No medical therapies are yet available to slow abdominal aortic aneurysm (AAA) growth. This study sought to investigate the effect of different genders of bone marrow-derived mesenchymal stem cells (MSC) on AAA growth in a murine AAA model. Given the decreased rate of AAA in women, it is hypothesized that female MSC would attenuate AAA growth more so than male MSC.
MATERIALS AND METHODS:
Aortas of 8-10-wk-old male C57Bl/6 mice were perfused with purified porcine pancreatic elastase to induce AAA formation. Bone marrow-derived MSC from male and female mice were dosed via tail vein injection (3 million cells per dose, 500 μL of volume per injection) on postaortic perfusion days 1, 3, and 5. Aortas were harvested after 14 d.
Mean aortic dilation in the elastase group was 121 ± 5.2% (mean ± standard error of the mean), while male MSC inhibited AAA growth (87.8 ± 6.9%, P = 0.008) compared with that of elastase. Female MSC showed the most marked attenuation of AAA growth (75.2 ± 8.3% P = 0.0004). Proinflammatory cytokines tumor necrosis factor α, interleukin 1β, and monocyte chemotactic protein-1 (MCP-1) were only decreased in tissues treated with female MSC (P = 0.017, P = 0.001, and P < 0.0001, respectively, when compared with elastase).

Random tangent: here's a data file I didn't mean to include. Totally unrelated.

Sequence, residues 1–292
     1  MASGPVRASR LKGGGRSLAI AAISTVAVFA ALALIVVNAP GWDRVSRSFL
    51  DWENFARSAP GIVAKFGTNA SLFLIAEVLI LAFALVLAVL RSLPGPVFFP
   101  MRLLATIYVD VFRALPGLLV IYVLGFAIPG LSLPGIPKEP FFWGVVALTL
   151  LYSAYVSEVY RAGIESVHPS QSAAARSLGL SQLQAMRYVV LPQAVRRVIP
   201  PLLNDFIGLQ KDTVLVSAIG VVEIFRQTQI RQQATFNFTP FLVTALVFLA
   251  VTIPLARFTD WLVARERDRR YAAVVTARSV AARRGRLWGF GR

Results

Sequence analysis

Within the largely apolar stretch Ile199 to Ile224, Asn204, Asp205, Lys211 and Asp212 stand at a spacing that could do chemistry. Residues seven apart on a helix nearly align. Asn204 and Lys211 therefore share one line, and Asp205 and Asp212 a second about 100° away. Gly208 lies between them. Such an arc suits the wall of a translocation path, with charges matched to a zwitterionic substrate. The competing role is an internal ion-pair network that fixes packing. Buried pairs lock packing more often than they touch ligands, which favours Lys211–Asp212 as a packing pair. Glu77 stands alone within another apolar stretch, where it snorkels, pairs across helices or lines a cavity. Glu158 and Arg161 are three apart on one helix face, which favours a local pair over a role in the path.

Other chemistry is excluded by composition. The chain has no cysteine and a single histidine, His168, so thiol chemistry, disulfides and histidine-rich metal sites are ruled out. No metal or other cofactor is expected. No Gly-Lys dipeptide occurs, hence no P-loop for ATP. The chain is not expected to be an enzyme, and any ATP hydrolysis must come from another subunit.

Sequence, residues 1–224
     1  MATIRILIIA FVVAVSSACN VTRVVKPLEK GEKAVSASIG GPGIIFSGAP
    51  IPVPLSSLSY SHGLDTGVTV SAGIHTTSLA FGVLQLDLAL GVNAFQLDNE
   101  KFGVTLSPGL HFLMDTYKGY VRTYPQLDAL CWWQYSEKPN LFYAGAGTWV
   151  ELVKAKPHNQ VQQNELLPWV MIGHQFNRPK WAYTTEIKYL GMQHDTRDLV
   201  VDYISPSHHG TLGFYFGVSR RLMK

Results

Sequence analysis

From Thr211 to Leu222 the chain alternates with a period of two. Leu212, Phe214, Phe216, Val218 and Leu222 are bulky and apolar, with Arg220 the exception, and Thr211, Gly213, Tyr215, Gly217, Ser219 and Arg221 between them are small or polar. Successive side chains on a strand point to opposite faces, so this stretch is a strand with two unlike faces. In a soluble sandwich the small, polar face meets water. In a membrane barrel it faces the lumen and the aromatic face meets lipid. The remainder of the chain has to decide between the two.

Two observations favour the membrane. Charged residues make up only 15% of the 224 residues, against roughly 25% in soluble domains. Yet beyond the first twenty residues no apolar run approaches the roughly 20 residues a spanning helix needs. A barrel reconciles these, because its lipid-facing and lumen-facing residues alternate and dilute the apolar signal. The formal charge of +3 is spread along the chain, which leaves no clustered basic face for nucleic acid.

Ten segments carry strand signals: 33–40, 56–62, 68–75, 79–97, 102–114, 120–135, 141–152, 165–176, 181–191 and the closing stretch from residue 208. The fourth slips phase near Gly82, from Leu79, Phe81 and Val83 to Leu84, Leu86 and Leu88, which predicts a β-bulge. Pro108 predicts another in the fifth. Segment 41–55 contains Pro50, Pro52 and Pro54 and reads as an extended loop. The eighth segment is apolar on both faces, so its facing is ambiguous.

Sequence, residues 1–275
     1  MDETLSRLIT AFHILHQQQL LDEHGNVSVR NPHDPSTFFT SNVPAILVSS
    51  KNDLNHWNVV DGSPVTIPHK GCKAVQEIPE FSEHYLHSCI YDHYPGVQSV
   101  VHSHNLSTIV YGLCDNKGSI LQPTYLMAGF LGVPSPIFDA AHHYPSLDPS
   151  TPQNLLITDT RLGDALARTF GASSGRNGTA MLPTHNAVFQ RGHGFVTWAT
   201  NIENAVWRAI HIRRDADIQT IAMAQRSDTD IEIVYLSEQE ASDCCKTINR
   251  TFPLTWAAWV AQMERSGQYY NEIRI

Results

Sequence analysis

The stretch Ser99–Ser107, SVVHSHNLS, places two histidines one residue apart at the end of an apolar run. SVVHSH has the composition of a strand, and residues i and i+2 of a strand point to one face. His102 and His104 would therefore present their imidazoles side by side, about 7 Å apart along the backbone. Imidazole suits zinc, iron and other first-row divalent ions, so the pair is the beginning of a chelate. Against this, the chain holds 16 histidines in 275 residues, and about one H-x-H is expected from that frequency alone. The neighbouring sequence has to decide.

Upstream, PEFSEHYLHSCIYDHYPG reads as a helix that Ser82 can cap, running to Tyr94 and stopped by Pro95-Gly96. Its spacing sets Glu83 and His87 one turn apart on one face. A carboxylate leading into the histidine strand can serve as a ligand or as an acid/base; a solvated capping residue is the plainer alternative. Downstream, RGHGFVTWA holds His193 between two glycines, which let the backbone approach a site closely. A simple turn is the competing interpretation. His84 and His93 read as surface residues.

These data exhibit that female MSC more strongly attenuate AAA growth in the murine model. Furthermore, female MSC and male MSC inhibit proinflammatory cytokines at varying levels. The effects of MSC on aortic tissue offer a promising insight into biologic therapies for future medical treatment of AAAs in humans.